Even worse, Daniel Gordis—a conservative rabbi, and prolific writer, living in Israel writes: But what about the rest of the answer that Time offers? Why are Israelis not more interested in the peace process? Money! Yes, you read that correctly. The Jews are more interested in money than in peace. In 4 pages of text, the Israeli (Jewish) pre-occupation with real estate, startups, and high rises on the Ashkelon beaches is repeated again and again and again, like the refrain of a bad country song.

The Israeli economy is, indeed, doing well. And we Israelis have, indeed, built a good life for ourselves now that we’ve figured out how to squelch Palestinian terrorism, for the most part. And most us of would gladly sign a deal, if we could only be convinced that the West Bank won’t turn into Gaza and that a treaty would genuinely end the conflict. But by and large, we’re not convinced. The implication that Israelis are not overwhelmingly concerned about the peace process because we’re more interested in money is well…so stereotypical that it’s hard to believe that Time actually went that far. But that’s the world we live in. The line between Israel-bashing and Jew-baiting is so thin as to be nonexistent.

...The worst, though, is still the cover. Across bookstores and airports this week, Time’s cover will scream to those who do not read the story that it’s Israel and Israelis, who simply don’t care about peace. It’s a setup, of course. Because these talks are likely to stall, and then to fail. And Time has already predicted whose fault that will be.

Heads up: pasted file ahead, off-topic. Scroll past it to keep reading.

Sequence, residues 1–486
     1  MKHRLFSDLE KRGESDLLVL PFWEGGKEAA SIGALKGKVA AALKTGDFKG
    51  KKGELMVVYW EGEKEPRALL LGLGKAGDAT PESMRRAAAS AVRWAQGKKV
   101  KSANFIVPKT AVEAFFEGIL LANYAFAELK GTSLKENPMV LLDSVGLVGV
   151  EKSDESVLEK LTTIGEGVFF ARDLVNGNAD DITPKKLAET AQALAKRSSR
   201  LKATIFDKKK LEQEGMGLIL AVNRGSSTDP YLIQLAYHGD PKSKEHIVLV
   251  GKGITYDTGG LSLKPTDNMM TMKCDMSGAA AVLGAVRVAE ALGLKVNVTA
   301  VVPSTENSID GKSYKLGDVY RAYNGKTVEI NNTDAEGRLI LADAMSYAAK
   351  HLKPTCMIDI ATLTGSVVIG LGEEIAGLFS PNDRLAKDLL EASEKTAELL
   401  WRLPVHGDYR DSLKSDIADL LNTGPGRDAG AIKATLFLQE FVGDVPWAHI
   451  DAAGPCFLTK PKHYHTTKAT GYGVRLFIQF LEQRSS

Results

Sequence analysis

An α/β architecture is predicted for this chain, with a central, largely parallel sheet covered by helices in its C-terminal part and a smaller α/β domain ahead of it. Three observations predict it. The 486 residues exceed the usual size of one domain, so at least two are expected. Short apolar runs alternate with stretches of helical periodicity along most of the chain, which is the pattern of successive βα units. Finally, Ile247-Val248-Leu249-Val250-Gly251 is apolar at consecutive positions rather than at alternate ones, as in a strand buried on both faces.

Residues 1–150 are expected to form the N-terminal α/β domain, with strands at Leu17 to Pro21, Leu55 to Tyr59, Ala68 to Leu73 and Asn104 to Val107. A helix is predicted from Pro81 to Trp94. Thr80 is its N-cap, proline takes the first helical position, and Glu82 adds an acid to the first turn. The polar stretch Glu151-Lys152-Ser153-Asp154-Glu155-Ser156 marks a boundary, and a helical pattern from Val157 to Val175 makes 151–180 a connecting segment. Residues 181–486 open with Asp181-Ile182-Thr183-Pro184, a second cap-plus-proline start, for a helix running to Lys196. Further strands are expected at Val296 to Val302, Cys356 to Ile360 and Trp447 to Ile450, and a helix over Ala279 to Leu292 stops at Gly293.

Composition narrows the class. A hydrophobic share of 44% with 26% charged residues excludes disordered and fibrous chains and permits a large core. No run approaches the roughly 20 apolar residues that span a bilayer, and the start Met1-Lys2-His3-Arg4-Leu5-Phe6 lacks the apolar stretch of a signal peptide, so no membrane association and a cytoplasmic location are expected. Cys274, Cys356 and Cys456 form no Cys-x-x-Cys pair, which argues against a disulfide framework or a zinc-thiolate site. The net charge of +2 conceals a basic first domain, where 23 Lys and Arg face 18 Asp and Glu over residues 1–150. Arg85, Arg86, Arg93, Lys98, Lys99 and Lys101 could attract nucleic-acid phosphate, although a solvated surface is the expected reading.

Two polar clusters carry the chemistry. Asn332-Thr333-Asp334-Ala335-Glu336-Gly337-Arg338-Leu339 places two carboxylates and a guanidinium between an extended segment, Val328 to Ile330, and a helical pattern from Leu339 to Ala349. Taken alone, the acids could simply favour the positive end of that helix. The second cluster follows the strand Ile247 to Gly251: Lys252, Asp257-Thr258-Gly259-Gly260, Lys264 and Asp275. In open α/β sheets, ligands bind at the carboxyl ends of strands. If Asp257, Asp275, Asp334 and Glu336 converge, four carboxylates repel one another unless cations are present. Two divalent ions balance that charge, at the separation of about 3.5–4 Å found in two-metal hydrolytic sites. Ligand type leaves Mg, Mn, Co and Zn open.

Israelis have learned to embrace life and live it to the fullest, all the while knowing that any time, a friend or loved one could die defending their homeland or from a terrorist attack. When Israelis seem to go on with their lives in the face of existential threats, it’s not that they’re uncaring, but rather, that they have had to learn how to live life in spite of their circumstances. 

Nearly every Israeli has a child, sibling, boyfriend or parent in the army. Nearly every Israeli has been to the funeral of a fallen soldier, or a friend killed in a terrorist attack. Most Israeli homes and businesses come equipped with safe rooms or bomb shelters; every Israeli owns a gas mask. The whole country exists under the encroaching shadows of Hezbollah in Lebanon, Hamas in Gaza, and the prospect of a nuclear Iran. How could anyone even imagine that Israelis don’t care about peace?